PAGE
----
Looking for a boat to add to my fleet.
Boats purpose: Rough water confidence and efficient long distance crossings.
Paddler: #140 5ft 6inches Not so great paddling skills.
Other Boat(s) in the fleet: Island Qaarsut. But this *new* boat will be located on the coast 1.5k miles away.
I am getting somewhat of a discount on a demo version of either boat.
Not looking for a LV or HV boat. Just a boat that I can fit a descent of stuff into when I have to and a boat that is manageable when its not loaded. And inspiring confidence would not be a bad thing either.
Can someone give me good spec comparisons between the two boats. Volume wise, secondary/primary stability wise etc.
Looking for a boat to add to my fleet.
They’re both great boats, suitable for your size and needs. Both are new so relatively untested but it’s likely that user response will be positive over time. The Nordkapp LV appears to have a bit more volume. Try them both if you can.
Aquanaut LV will inspire confidence & excellent
rough water boat. Nordkapp LV I still have to
demo, but from what I read from other reviews
less secondary, but depends what your used to.
you can lose a lot of rough water comfort if you seek an extra few percent in speed/efficiency. Learning to roll is a must.
Island Expedition LV
How about the Island Expedition LV? Seems like it might be a good fit for what you describe as well, and you’re already familiar with the Island boats.
Well have paddled both of these
kayaks side-by-side on a roughly 4-hour demo. Conditions were regrettably mild, so I was unable to test their limits. I liked them both, but they have very different personalities. For comparison I am a little larger than you at 5'8" and 153 pounds.
I was looking for an excellent “all-rounder” to replace my Tempest 165 Pro. I wanted a boat I could do a multi-day trip in, but one I would primarily use as a reliable day boat.
The Nordy LV is a fun and spirited boat to paddle. It has considerable rocker and about 1” less beam amidship than the Aquanaut. In short, it can turn on a dime. Forward speed is decent, but it’s not as quick as the Aquanaut. I found that I did not need to use the skeg to keep it on track, as was required in the Pintail I paddled the next day. Even though it carries a “LV” moniker the Nordkapp felt a bit large on me. If you check Valley’s specs on this boat they indicate that 180 pounds is the suggested median weight for a paddler. Yes, 140 lbs will fall within the suggested range, but a bit toward the low end. I would require additional foam outfitting to get a decent fit in the boat. I would rate the Nordy’s initial stability as low and secondary at moderate. The Nordkapp’s fore deck is rather high, but the aft deck was low enough to do lay-back rolls.
The Aquanaut LV does not have the Nordy’s rocker, so it is not as quick to maneuver, but it is still no slouch in the turning department. Forward speed in flat seas is better than the Nordy’s as indicated above. Valley’s specs the median weigh for this boat around 150, so it was not to surprising that the Aquanaut LV, was a considerably better fit on my body. The Aquanaut’s fore and aft decks are at least an inch lower than that of the Nordkapp and much more to my liking. I would rate both the Aquanaut’s primary and secondary stability as high.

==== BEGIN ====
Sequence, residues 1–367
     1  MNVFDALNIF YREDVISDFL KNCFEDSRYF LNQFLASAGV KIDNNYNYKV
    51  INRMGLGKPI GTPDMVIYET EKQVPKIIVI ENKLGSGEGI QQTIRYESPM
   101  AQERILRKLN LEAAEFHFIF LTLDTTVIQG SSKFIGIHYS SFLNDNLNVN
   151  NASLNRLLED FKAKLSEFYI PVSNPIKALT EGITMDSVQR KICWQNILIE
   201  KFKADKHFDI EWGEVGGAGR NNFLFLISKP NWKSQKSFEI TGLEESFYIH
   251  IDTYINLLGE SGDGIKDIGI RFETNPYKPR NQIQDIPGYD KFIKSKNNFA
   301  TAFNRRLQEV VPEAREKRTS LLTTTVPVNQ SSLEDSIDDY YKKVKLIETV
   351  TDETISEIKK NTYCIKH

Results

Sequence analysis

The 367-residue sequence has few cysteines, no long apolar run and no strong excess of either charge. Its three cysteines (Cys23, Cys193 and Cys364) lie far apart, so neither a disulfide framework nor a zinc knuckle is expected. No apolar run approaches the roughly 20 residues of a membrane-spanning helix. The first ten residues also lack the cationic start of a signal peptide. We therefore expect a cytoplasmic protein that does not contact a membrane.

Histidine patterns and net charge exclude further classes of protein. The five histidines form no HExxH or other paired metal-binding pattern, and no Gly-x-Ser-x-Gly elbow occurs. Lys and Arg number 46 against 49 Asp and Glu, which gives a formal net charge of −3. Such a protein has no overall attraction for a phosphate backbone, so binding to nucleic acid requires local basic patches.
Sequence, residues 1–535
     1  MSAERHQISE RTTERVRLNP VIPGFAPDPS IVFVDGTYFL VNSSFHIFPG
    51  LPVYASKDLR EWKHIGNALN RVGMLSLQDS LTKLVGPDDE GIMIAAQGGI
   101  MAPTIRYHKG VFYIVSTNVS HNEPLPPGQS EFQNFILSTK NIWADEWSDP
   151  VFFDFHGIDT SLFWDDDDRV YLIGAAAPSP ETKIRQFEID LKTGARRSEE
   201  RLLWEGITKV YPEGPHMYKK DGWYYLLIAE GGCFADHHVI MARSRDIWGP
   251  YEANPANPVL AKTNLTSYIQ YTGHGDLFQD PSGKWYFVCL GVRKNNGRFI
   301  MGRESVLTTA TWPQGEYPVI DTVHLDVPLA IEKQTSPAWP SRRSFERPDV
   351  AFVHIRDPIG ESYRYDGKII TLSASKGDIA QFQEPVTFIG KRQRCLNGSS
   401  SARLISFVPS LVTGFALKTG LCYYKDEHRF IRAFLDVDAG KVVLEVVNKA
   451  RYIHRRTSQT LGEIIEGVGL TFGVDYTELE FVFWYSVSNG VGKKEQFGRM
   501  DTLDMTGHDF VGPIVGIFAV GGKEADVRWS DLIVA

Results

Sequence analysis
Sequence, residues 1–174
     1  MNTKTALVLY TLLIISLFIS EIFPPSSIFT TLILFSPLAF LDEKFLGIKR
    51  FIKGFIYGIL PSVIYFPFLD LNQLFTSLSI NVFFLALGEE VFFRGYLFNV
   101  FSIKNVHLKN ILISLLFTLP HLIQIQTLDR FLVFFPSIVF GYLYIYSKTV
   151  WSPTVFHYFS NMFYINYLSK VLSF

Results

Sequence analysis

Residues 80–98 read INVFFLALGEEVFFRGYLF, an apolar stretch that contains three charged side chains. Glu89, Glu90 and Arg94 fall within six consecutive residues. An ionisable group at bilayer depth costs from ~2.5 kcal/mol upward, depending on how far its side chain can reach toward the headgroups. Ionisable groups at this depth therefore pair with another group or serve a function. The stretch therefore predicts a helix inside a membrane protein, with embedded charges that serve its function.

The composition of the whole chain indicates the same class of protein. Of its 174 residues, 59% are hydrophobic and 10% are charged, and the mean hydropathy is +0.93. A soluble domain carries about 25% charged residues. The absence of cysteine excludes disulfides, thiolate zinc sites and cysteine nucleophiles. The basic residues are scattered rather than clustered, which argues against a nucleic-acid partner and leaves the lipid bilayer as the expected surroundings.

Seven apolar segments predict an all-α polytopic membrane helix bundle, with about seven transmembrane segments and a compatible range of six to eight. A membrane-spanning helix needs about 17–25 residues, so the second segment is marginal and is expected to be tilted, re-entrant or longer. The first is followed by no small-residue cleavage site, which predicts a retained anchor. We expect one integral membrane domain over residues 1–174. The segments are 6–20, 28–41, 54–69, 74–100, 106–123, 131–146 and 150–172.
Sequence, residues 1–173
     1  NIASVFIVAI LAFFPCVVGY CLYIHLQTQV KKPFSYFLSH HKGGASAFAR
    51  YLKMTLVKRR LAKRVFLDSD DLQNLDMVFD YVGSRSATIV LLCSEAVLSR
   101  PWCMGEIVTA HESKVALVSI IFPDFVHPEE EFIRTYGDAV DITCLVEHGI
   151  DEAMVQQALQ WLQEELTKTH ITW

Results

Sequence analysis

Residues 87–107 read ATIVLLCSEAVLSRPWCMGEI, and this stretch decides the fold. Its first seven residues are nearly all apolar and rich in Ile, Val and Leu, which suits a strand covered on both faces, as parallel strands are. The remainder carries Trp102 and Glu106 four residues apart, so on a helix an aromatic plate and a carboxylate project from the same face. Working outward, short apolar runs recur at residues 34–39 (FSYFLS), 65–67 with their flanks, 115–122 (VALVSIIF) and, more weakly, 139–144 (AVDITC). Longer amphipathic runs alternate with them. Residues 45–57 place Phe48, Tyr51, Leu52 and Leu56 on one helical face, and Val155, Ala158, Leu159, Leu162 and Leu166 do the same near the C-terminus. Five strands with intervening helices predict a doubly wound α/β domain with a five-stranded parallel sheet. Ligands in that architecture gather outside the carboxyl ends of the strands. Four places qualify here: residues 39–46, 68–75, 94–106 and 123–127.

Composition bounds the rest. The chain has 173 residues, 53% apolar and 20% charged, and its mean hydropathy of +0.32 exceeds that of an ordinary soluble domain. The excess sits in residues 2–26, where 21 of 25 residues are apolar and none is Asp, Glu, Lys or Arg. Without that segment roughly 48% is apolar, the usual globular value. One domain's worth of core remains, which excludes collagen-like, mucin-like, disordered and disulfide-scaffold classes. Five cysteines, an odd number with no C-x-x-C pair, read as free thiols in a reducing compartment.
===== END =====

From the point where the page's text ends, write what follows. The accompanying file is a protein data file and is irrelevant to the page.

I think you can see where I am going with this. The Nordkapp LV was a blast to paddle, but the Aquanaut LV was much closer to my needs and what I was expecting out of a kayak. I placed an order for a custom Aquanaut.
Some random thoughts:
• I did not care for Valley’s backband and neither do many other paddlers I have talked to. Valley had plans to replace it with another model in late ’06, but I understand that Valley is still shipping boats with the backband I demoed.
• 2006 lead times for a custom ordered Valley kayak was a bit long. My boat took over 4 months to arrive in GRO’s Rhode Island warehouse from the UK.
• Even in a standard glass lay-up I estimate that Valley’s current boats weight 5-6 pound lighter that they did just several years ago. They have made an effort to cut down on excess resin. The weight drop was noticeable when I hefted a 2006 demo glass boat off the floor.
Can roll. But in conditions … well when I am in the conditions …time will tell. I agree with you on the speed/confidence thing. Don’t mind loosing a little speed to gain some confidence.
tvcider sounds right
The above well summarizes the personalities of the two Valley boats.
The Aquanaut is a reassuring boat for intermediate to advanced paddlers. It is a fast boat which feels confident in conditions.
The Nordkapp is a looser boat, more fun but not particularly reassurring. It can handle conditions if you can handle it.
When I ordered my Nord LV I had never paddled an Aquanaut, maybe I should have.
I wanted a challenge and the Nord has been fun. Now after taking it camping it is part of the family and a keeper…
Okay, so it sounds like both boats need intermediate+ paddling skills …right? If thats the case wouldn’t I want a funner prettier boat (Nordkapp LV ;)).
Hmm … still don’t know which one … but am going to be at the Southwest sea kayak symposium next week and Valley is going to be there.
But one things for sure. After paddling my qaarsut …I definetly would like a boat with more volume for my legs (torso rotation) to move if I am doing a long haul.
The Nordkapp LV is more ‘fun’ in that it is a ‘livelier’ boat. This means lower stability and looser tracking.
Both boats are good boats, so mostly it should come down to which one you feel better paddling. This includes fit and performance characteristics.